Thursday, September 23, 2021

HCTRA Annual Report Shows Impact of Covid and Toll Diversions

This week we have a guest post from Houston Freeways author Oscar Slotboom (highlights mine).
The Harris County Toll Road Authority fiscal year 2021 annual financial report recently became available on the HCTRA web site. HCTRA's FY 2021, from 1-March-2020 to 28-Feb-21, coincided with the period of worst impact of Covid 19 and also included the February 2021 freeze, which closed most or all toll roads for several days. HCTRA waived tolls from March 24 to April 29, 2020, further depressing revenue. Since 10 months of HCTRA fiscal year are in the previous calendar year, I will report FY 2021 data as being for 2020 (and similarly for all other years).

No surprise, traffic and revenue were way down.
values in millions 2019
(FY 2020)
(FY 2021)
Traffic Transactions 577 461 -20.1%
Toll Revenue $855 $551 -35.5%
Total Revenue $901 $563 -37.4%
Income Before Transfers $463 $157 -66%
Transfers Out $137 $545 +298%
Change in Position $326 -$388
Outstanding Bonds $2247 $2618 +16.5%
Liability, principal + interest $3162 $3667 +16%
Since HCTRA had a very strong financial position prior to Covid, it easily handled the financial setback. In fact, even with the reduced revenue, Harris County Commissioners Court proceeded with the huge $545 million diversion of funds out of HCTRA, shown above as the "Transfers Out" (more on that below).
We can expect a very strong rebound in traffic and revenue for 2021, probably getting within 5 or 10% of 2019. While no recent or monthly data is available for HCTRA, I'm a regular user of the Sam Houston Tollway and traffic is close to pre-pandemic levels.
Here is a plot of HCTRA's toll revenue for the last 15 years.
Here is a plot of monthly data from the North Texas Turnpike Authority, showing the sharp drop in April and May 2020, and then a strong recovery. (HCTRA was certainly similar.) The recovery of toll traffic in North Texas has been slower than overall traffic. (This plot also shows SH 360 since NCTCOG had a financial interest in the tollway.)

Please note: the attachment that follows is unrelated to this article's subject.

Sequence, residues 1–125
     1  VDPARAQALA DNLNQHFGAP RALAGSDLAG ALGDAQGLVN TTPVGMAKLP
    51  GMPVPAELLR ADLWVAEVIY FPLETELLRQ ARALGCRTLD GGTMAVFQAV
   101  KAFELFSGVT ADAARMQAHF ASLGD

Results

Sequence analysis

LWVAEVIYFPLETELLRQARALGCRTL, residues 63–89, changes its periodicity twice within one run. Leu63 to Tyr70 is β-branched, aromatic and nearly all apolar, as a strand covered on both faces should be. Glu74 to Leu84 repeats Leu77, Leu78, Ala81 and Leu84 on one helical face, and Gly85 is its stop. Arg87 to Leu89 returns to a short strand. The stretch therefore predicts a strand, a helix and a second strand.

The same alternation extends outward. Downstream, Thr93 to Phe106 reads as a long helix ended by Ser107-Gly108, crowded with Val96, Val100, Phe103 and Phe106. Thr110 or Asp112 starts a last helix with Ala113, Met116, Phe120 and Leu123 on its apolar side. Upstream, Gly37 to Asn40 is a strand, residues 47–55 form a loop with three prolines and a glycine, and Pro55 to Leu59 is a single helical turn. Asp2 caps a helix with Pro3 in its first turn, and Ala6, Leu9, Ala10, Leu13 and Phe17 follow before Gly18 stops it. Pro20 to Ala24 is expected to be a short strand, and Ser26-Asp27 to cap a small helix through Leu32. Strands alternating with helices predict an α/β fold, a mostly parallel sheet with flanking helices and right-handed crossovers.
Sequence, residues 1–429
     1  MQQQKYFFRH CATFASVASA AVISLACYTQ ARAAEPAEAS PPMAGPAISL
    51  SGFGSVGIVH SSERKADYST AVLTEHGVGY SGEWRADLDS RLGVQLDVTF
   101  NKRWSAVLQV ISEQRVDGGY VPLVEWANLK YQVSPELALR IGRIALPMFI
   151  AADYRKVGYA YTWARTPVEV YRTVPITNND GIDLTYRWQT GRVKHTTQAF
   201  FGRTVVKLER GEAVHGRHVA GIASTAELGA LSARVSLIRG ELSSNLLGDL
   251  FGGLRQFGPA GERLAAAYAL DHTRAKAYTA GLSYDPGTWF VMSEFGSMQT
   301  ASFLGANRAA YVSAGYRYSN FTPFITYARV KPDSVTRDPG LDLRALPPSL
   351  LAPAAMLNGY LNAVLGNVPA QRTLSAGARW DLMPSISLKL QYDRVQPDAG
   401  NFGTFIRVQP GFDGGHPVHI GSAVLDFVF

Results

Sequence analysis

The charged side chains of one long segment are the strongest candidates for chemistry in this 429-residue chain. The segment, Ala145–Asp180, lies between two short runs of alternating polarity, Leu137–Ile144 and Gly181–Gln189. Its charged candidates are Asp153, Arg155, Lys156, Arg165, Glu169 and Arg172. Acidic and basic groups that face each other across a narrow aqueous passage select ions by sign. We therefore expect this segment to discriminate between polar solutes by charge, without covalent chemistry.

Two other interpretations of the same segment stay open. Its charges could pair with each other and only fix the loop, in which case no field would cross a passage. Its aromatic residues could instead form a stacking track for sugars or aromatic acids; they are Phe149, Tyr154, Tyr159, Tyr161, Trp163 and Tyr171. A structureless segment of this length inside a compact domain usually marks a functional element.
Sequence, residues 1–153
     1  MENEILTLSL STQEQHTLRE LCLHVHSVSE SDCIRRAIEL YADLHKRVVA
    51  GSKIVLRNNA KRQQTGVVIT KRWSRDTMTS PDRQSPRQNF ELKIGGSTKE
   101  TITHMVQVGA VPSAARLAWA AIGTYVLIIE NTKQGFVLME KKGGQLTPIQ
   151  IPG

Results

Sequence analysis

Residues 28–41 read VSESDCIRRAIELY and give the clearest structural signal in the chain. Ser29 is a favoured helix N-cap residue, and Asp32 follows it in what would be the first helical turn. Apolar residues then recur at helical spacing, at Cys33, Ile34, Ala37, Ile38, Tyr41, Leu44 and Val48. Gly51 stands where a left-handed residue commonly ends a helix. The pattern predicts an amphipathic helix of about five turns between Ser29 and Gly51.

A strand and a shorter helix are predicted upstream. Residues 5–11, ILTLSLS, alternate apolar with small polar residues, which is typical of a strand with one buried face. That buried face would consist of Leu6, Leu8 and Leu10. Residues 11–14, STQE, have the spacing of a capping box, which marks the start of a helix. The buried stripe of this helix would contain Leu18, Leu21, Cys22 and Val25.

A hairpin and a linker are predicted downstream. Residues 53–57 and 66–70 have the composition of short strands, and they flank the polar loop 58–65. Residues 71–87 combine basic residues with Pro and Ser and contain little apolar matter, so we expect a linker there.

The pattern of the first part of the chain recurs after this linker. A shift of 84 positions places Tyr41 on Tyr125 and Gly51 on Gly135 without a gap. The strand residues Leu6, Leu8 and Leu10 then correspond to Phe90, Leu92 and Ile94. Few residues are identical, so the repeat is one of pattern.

The plot below shows the effect on separately-reported toll road sections. No surprise, the biggest losers were facilities with nearby freeway alternatives: the Katy Managed lanes and the Hardy Toll road. The Tomball tollway was the best performer, sustaining only a 1% traffic loss due to the opening of the new section of tollway north of Tomball around April 2020 which brought in new customers. Revenue loss is larger than the traffic loss for all facilities due to the non-collection of tolls in March and April 2020. Note that the -28.3% revenue loss differs from the value in the table above because this value is facility revenue only and excludes a $33 million charge for the Covid Emergency declaration and also excludes revenue transfers between toll road agencies.
Transfers Out
Other than the drop in revenue due to Covid, the big news in this year's financial report is the massive increase in "transfers out". For a long time, HCTRA has shifted some toll revenue out of HCTRA. This is reported in the financial statement as "transfers out". This money has always been used for road and bridge improvements, originally to improve access to the toll roads but I don't know if that's still the case. The table below shows the transfers out in recent years.
The massive increase in the transfers out was due to the action of Harris County Commissioners Court (3 in favor, 2 against) to harvest money from HCTRA to use on other government functions, with initial withdrawals being used to supplement flood control funds. The Houston Chronicle reported on this in September 2020, with Harris County establishing a special corporation that immediately transferred $300 million and is slated to transfer $90 million annually in future years. The amounts of $300 million plus $90 million plus the traditional transfer are in the ballpark of the $545.1 million revenue diversion.
Page 7 of the annual report states the following:
Unrestricted net position of $477,101,449 represents the portion available to meet ongoing obligations of the Authority. Unrestricted net position decreased $487,721,988 from the previous year. This decrease was mainly due to the increase in transfers out to Harris County.
The financial report has very little information about the use of the funds being transferred out, with a vague explanation on page 12 and a note about the creation of the Harris County Flood Resilience Trust on page 50.
Tory has previously sounded an alarm about this practice. Toll diversion has been a longstanding practice in New York City, New Jersey and Pennsylvania. What do residents of those regions get? Perpetual tolls, including sky-high tolls on the NYC bridges, for basic maintenance on 60- to 100-year-old facilities which are generally still in their original (often inadequate) configuration.
While some folks may be okay with using toll money for flood control, there was nothing to prevent ongoing and increasing diversions for other government activities. State-level leaders were concerned about this diversion, prompting the legislature to pass SB 1727, which was signed by Governor Abbott on June 7. SB 1727 appears to prohibit the diversion of toll revenue for non-road use. We'll need to see how the law affects toll revenue diversion in future years.
Long-Term Bond Obligation